Palm Springs, CA
Beginning in 1900, Edward S. Curtis (1868-1952) set out on a monumental quest to create an unprecedented, comprehensive record of the Indians of North American. The culmination of his 30-year project led to his magnum opus, The North American Indian, a twenty-volume, twenty-portfolio set of handmade books containing a selection of over 2,200 original photographs. Today this work stands as a landmark in the history of photography, book publishing, ethnography, and the history of the American West, producing an art historical record of enormous and irreplaceable importance.
One Hundred Masterworks presents an extraordinary selection of vintage photographs by Curtis that highlights both iconic and previously little known images, revealing the aesthetic, emotional, and spiritual qualities, which are the cornerstone of his art. It showcases seven different photographic print mediums including photogravure, platinum, goldtone (orotone), toned and un-toned gelatin silver, cyanotype, and gold-toned printing-out paper prints. Arranged thematically, the exhibition includes a selection of Curtis’ most compelling and rare photographs that look beyond the documentary nature of his work focusing on his aesthetic and technical contributions to the art of photography.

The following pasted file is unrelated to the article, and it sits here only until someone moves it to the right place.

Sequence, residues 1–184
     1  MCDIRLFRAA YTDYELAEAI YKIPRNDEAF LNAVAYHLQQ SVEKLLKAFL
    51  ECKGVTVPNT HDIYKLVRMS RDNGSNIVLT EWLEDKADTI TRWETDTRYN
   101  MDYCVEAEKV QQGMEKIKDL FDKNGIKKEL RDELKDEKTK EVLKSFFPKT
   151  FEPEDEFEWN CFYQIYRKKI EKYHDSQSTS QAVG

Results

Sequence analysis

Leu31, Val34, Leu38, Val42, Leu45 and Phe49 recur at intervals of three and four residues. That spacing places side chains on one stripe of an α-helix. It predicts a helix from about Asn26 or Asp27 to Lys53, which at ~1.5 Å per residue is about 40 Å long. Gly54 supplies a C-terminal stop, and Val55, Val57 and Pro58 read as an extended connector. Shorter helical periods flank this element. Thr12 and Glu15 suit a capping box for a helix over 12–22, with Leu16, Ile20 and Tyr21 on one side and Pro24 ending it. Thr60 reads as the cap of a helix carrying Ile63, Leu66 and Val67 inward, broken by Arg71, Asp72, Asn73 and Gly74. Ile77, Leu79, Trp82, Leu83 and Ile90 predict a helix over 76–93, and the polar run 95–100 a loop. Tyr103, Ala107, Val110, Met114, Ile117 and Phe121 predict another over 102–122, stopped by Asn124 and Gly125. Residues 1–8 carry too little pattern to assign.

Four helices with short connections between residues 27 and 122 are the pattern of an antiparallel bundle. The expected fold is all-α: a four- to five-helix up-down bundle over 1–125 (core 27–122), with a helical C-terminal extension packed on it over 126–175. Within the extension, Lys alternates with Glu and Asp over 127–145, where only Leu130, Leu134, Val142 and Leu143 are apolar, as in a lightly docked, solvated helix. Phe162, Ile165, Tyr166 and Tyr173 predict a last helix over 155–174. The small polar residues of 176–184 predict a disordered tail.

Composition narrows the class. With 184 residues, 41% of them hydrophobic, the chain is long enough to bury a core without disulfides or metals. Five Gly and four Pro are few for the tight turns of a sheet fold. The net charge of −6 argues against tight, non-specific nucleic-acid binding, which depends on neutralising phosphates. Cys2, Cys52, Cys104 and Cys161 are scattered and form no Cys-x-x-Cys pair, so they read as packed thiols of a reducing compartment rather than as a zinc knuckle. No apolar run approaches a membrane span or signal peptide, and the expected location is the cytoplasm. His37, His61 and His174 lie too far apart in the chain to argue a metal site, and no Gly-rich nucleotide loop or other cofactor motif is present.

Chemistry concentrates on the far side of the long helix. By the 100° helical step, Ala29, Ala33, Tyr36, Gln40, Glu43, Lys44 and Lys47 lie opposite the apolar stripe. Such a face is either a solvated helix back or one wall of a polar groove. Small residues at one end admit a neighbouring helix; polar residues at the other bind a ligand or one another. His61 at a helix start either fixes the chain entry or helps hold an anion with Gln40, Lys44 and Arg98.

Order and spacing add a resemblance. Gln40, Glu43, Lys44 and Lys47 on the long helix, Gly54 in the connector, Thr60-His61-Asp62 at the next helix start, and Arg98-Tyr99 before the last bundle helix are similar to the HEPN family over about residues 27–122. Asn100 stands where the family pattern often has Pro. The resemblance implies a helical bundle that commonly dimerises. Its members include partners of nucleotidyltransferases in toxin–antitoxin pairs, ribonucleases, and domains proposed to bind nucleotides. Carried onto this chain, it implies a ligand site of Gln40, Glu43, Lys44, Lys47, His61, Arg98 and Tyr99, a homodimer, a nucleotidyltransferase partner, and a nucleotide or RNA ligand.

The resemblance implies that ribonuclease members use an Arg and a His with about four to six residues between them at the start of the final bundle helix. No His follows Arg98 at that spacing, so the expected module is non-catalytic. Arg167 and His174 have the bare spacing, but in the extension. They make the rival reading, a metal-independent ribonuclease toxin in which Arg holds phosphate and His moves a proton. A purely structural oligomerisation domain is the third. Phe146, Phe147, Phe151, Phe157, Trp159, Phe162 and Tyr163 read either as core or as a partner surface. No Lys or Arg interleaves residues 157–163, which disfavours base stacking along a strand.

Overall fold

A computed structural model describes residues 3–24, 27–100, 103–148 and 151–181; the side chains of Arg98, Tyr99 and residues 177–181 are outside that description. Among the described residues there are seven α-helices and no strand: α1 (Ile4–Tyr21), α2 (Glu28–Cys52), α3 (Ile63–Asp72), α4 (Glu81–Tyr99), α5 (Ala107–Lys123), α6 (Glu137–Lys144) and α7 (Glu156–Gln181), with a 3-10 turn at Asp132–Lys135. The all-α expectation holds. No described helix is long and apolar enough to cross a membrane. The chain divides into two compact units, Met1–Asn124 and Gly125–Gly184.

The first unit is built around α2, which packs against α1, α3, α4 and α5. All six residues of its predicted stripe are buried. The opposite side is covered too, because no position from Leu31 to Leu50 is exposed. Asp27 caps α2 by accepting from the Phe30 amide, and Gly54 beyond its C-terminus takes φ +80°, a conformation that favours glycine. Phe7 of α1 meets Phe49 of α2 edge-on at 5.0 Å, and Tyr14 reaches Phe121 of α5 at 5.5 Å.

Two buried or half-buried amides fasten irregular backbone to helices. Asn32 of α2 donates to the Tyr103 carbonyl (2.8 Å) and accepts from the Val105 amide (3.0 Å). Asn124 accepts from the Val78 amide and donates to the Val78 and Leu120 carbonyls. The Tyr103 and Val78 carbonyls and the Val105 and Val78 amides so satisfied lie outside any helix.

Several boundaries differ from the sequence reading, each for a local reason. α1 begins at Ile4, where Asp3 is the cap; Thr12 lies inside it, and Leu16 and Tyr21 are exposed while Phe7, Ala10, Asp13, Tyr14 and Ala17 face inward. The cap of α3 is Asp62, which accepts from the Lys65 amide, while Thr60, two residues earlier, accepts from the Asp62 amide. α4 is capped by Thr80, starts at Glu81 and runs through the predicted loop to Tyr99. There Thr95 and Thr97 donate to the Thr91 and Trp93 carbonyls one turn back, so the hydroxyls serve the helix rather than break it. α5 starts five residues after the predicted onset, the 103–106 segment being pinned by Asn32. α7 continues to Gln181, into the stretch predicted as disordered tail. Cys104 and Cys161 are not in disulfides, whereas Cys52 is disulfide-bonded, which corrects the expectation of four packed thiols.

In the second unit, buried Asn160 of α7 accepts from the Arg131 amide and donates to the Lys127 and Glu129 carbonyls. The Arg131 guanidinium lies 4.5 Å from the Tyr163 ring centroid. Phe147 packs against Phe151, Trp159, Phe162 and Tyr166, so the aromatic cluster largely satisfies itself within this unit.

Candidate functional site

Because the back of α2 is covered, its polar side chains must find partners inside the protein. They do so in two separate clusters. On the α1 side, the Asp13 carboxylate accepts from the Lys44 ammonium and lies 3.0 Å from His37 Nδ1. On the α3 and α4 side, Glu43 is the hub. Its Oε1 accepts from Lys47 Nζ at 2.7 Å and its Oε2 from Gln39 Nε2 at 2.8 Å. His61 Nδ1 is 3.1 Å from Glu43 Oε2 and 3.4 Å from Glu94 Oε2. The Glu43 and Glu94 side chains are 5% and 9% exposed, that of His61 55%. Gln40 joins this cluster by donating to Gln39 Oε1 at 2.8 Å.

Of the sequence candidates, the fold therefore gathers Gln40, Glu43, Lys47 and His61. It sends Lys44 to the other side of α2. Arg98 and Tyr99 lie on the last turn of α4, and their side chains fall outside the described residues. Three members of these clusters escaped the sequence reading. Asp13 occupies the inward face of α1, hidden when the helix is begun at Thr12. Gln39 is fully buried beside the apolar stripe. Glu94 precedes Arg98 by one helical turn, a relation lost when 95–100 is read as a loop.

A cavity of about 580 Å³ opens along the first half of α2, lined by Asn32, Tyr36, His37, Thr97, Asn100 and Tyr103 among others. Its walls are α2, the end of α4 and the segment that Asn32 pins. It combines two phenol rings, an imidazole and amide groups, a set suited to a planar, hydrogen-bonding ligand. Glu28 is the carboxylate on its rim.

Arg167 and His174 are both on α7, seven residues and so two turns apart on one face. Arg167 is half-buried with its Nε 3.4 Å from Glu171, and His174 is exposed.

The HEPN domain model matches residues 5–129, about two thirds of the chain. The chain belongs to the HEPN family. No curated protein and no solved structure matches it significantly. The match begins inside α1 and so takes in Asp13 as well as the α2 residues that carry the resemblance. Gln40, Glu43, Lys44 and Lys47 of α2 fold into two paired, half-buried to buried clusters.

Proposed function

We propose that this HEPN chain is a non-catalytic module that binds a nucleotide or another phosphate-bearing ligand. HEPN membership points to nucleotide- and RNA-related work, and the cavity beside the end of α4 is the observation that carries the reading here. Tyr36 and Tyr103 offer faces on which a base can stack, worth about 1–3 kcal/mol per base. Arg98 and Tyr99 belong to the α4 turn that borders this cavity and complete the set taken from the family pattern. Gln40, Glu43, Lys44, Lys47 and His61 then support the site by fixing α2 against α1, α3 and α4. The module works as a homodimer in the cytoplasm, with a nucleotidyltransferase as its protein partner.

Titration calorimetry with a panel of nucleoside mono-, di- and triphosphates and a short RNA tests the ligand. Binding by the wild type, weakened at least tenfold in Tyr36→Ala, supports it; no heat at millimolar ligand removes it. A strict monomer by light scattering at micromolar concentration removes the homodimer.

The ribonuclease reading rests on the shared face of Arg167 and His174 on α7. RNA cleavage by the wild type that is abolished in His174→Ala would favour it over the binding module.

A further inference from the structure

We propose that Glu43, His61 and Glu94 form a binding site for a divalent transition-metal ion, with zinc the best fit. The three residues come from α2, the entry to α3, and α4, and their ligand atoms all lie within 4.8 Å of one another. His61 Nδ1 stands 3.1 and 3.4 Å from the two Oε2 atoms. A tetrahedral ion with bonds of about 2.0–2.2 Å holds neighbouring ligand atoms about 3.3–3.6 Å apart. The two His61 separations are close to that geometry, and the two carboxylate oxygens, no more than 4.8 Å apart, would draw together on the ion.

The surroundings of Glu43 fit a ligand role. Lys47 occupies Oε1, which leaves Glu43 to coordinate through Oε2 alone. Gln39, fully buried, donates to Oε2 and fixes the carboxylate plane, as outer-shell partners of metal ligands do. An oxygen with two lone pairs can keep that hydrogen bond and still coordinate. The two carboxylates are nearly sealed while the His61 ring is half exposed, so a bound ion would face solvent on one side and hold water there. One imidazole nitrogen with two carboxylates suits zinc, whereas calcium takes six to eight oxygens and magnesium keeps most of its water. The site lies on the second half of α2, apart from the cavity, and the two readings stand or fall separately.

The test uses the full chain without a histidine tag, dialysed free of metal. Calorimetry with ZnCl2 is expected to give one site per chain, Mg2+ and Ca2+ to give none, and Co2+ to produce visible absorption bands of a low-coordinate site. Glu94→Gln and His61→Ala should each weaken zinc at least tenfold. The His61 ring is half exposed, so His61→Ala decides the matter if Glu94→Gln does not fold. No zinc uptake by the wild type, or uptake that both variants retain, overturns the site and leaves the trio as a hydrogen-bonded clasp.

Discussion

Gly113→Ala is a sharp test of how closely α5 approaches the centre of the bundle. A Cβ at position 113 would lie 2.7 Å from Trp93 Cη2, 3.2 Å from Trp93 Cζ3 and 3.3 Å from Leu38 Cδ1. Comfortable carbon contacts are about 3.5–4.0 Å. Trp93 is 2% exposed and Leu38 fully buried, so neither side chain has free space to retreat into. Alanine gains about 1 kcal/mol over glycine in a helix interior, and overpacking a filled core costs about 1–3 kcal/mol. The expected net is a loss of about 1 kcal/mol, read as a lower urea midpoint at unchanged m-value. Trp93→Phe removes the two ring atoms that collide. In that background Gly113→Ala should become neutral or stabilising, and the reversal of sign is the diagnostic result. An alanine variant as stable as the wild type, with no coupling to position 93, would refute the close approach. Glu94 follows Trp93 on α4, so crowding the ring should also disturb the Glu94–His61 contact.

Exhibition overview from the museum website
Whether you go or not, the exhibition catalog Edward S. Curtis: One Hundred Masterworks showcases Edward Curtis's most compelling and important works. This beautiful publication highlights both iconic and rarely seen images, demonstrating his artistry and mastery of photographic mediums, and his commitment to documenting and preserving for posterity the Native Americans' traditions and ways of life. The stunning photographs are further enriched and contextualized by essays from world-recognized experts.